Discover a landscape carved from rock, cloaked with trees and haunted by legend. This is where the kingdom of the Scots was born.


Discover a wonder of prehistory in the heart of these woods – the greatest collection of Neolithic rock art in Britain.


Choose one of three routes through this thriving forest, winding around wooded hillsides and along its pebble beaches.


Explore the ancient Caledonian forest that stretches between Loch Awe and Loch Avich.


Try and spot a resident beaver - or at least evidence of their handiwork - in these native oakwoods.


From the top of Cnoc nan Gabhar you can sweep your eye from Ben Cruachan – the highest point in Argyll – to the island of Arran.



Unforgettable views across the Sound of Jura richly reward the steep climb through the trees that cloak Knapdale.


Forested slopes offer exhilarating crossings over high gorges, stunning hilltop views and pleasant strolls through peaceful woodland.

Gleann a Gealbhan

Step into a legendary landscape on a delightful trail that passes a prehistoric tomb named after a mythical hero and a ruined medieval dun.


Climb the hillside on a trail that starts by the ruins of a medieval castle above the pretty fishing port of Tarbert.

Forests of North Argyll

From the ancient Atlantic oakwoods that fringe the rugged coastline to the tree-cloaked flanks of towering mountains, the forests of North Argyll are inspirational places. It is hard to resist their powerful charm, evoking a wild landscape far removed from the stresses of modern life.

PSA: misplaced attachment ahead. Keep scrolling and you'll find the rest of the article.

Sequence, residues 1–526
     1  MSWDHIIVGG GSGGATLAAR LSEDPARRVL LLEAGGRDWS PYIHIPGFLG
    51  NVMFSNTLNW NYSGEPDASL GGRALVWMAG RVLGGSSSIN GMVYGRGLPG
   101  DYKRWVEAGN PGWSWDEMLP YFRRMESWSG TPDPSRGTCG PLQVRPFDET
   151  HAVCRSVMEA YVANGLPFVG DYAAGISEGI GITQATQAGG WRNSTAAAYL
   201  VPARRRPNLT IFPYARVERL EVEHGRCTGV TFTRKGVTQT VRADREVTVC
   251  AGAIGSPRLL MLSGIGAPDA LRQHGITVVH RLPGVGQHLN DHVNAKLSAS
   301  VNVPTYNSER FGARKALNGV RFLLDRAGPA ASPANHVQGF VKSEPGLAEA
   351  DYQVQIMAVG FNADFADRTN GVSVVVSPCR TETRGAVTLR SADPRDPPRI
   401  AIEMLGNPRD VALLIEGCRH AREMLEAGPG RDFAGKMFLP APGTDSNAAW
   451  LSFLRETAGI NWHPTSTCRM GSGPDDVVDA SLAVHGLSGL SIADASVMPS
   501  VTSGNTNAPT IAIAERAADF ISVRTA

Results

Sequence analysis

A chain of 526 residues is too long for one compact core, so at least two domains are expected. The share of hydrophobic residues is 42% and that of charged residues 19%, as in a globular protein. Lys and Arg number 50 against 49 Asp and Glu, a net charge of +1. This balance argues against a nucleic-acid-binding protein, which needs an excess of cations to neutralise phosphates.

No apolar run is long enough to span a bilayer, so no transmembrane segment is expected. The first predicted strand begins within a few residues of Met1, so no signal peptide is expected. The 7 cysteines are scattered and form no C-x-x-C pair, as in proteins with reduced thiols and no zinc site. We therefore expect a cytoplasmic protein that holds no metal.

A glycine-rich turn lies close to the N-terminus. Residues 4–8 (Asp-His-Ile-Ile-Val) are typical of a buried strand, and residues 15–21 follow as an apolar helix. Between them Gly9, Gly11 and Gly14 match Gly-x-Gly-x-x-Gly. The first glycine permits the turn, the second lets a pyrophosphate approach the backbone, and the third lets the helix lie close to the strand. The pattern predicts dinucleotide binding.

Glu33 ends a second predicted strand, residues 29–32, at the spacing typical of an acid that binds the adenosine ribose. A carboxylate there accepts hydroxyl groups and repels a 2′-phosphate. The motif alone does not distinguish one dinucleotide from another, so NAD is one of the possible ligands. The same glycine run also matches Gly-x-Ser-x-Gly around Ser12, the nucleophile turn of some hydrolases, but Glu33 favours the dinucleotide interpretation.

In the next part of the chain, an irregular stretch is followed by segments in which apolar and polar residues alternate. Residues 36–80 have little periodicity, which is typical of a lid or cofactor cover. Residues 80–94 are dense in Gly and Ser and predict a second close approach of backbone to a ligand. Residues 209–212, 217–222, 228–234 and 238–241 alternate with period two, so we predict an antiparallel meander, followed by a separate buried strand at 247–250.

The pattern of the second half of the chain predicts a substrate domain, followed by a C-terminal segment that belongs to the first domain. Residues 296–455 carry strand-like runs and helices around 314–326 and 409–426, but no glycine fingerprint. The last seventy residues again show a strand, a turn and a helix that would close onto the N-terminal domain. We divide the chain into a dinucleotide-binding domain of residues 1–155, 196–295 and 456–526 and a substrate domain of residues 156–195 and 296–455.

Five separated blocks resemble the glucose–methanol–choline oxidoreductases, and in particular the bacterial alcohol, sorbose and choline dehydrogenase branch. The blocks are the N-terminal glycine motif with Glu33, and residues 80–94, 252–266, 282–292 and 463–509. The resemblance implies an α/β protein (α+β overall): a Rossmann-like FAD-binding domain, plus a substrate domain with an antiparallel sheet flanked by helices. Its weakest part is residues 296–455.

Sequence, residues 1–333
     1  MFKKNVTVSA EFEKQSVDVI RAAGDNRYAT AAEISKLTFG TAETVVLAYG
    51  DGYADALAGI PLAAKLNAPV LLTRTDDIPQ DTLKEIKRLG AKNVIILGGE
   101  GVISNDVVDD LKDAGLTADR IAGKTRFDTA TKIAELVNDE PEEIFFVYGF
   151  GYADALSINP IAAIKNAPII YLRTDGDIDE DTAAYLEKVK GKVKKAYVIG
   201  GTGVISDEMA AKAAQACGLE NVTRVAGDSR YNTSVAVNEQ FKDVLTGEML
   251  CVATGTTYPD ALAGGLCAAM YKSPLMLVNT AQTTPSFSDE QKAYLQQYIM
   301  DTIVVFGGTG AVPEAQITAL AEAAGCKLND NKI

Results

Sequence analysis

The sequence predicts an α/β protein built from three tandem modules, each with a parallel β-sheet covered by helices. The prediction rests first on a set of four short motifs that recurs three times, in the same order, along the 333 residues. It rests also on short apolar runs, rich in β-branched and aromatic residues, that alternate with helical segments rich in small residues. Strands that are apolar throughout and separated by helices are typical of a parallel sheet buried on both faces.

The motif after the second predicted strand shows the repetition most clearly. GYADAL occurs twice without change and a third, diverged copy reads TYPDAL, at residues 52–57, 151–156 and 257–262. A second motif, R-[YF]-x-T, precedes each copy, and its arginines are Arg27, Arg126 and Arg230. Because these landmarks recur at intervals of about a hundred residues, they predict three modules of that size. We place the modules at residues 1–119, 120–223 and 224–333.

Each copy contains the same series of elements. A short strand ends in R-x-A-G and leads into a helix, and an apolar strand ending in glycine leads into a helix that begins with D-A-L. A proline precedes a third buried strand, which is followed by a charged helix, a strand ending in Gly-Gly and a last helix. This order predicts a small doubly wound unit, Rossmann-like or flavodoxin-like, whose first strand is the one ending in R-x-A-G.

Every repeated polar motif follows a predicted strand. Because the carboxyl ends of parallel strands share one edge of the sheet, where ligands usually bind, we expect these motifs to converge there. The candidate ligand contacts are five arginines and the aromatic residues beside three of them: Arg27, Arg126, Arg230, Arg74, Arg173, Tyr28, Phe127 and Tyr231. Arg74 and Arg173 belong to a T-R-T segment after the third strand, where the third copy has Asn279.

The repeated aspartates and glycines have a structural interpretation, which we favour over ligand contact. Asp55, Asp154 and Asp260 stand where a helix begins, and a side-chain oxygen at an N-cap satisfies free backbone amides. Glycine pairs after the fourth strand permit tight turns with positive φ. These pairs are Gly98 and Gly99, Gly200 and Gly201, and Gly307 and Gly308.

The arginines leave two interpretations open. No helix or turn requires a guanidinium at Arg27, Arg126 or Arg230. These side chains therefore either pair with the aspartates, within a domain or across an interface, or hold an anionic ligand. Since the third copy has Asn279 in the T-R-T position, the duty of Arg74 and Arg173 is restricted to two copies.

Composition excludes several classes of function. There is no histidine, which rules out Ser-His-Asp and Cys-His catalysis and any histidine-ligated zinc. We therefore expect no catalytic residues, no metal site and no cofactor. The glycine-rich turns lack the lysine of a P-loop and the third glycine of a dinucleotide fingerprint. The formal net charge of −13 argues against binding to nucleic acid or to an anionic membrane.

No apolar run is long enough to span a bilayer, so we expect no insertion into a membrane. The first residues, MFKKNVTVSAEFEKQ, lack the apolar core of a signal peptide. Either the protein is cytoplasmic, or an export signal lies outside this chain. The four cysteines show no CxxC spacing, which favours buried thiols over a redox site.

The secluded forests provide a home to iconic Highland wildlife. If you tread carefully and make little noise, you might catch a glimpse of red squirrels, otters, pine marten and red or roe deer. Scan the skies and you could spot a sea eagle soaring overhead

You can find peace, excitement and a sense of wonder in the forests of North Argyll. Walk, run, ride or just stand still among the trees that thrive in the temperate rainforest climate and clean air. If you’re feeling more adventurous, choose one of the demanding trails and discover stunning high views amongst this remarkable landscape.

Beinn Lora

These truly panoramic views are among the most memorable in Argyll. From the Eagle’s Eyrie you can look over Benderloch to the Morvern Peninsula, Mull and Lismore.